Common mistakes when using proxies for scraping Google | GeoSurf

7 Common mistakes when using proxies for scraping Google


7 Common mistakes when using proxies for scraping Google

Posted at April 15, 2019 in Product education, Proxies for bots articles, Proxy 101, Proxy server, Search Engine Optimization

If you are into web scraping for valuable data, you probably know that the biggest mistake you can make is not to use a proxy server at all.

However, there are quite a few other serious mistakes that can turn your scraping session into a failure. Below are listed the most common mistakes when using proxies for Google scraping.


It is great that you know proxy servers are crucial for crawling the web successfully. Still, you shouldn’t use just any proxy you find online, especially not publicly accessible proxies.

Publicly available (often free) proxies are not secure since a great majority of them don’t allow HTTPS connection. However, that is not the only reason why free proxy servers are a bad idea as they could also monitor your connection, steal your cookies, and contain malicious malware. If you plan a project on a scale such as scraping Google – chances are your best option is to invest in proxy servers from a trusted supplier.


If you use only one proxy to scrape the web, your crawling reliability, geotargeting options, and the number of simultaneous requests you can make will significantly reduce.

The best solution to this problem is to use a pool of proxies and thus split your requests over a larger number of proxies. Depending on the number of requests, target websites, IP type and quality, as well as other factors, you should purchase a quality proxy pool that can fully support your scraping sessions.


Even if you get a first-class proxy pool, you will still need to control it in order to retrieve high-quality data.

Here are the best tips for managing your proxy pool:

  • Identify bans in order to be able to troubleshoot and fix issues
  • Retry requests in case of errors
  • Switch between user agents to avoid bot detection
  • Configure the proxy pool to target websites with different geographical locations


Honeypots are traps used to detect and prevent attempts at unauthorized use of information systems. Some websites install them as links that are not visible to humans, but a spider can see them.

To avoid getting into a honeypot trap when following links, always make sure that the link has proper visibility. Certain honeypot links have the CSS style set to display:none or their color simply blends in with the background color of the page you are scraping.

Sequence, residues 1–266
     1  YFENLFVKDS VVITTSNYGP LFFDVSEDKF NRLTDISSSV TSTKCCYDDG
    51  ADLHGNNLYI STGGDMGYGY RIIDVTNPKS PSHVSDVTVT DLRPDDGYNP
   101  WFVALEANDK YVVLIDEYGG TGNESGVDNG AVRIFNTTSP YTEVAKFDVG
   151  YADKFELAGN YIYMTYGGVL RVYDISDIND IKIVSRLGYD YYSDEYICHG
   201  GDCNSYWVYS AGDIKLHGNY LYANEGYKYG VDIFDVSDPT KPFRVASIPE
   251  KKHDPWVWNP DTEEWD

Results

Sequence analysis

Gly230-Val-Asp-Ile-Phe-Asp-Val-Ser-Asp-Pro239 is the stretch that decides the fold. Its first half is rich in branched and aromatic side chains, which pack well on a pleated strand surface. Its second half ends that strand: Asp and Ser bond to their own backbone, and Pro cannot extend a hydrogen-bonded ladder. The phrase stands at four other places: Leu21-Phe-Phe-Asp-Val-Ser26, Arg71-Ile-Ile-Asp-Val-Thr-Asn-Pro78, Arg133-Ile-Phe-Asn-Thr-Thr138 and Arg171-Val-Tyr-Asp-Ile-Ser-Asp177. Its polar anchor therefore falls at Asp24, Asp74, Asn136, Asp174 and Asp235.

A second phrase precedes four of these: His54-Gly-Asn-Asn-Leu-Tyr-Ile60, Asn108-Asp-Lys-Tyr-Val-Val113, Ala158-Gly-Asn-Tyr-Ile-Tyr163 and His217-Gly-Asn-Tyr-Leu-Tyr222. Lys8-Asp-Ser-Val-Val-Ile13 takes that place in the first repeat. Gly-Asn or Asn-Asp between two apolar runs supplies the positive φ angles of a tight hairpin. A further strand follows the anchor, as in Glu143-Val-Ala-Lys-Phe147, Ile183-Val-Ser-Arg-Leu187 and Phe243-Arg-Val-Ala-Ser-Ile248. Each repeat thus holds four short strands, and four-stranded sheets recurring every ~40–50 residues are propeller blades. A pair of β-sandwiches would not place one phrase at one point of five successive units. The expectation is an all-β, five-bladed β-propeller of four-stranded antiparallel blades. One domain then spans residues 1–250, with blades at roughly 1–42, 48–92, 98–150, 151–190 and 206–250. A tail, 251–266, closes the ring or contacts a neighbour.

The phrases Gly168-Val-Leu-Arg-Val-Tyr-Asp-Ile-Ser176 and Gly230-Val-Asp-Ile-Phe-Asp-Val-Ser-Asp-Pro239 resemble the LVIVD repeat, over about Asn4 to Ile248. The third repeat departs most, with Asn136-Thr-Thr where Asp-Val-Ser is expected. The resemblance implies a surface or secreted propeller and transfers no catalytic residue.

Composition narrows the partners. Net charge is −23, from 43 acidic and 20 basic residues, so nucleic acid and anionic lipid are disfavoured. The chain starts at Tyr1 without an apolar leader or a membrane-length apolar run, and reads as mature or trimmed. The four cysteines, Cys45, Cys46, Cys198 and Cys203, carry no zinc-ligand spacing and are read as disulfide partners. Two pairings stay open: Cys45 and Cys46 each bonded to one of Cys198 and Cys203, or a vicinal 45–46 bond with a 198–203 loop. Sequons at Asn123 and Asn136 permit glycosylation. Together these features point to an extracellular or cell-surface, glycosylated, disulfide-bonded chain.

Now, you may think that detecting honeypots is not easy. Unfortunately, you are right as this requires some programming work if you want to do it right.

On a more positive note, websites do not use honeypots frequently, so you might get away with this one after all.


Unless you change your bot’s settings, it will follow the same scraping pattern which is fairly easy to detect. Humans, on the other hand, do not perform repetitive tasks to the same degree as bots do.

Websites use advanced anti-crawling mechanisms in order to identify robots and prevent crawling. For example, they add infographics and check for user behavior. A human will read the infographic text and relate to its content whereas a bot will just “view” it as an image. Therefore, in order to avoid being detected, you should make a few mouse movements, random clicks, and actions on the page you are crawling.


A headless browser is a browser that does not display the visual layout of a web page but offers a number of other options.

Since some websites will show different content to different types of browsers, headless browsers are great because they allow you to scrape richer content from such websites. You can try Google’s headless Chrome, Selenium, PhantomJS, or another headless browser to see the difference in the content you scrape.

However, note that most headless browsers use a lot of CPU, RAM, and bandwidth, so make sure to scrape the web from a powerful computer.


Finally, there is something many people ignore when scraping the web with proxies – ethics.

When you use a proxy to scrape Google, you can make a huge volume of requests, which can make you greedy and sloppy. In other words, you can overload the target website server with too many requests.

Instead of doing that, play nice and always limit your requests. This is a win-win situation – you will be able to scrape valuable data while not doing any harm to the target website server.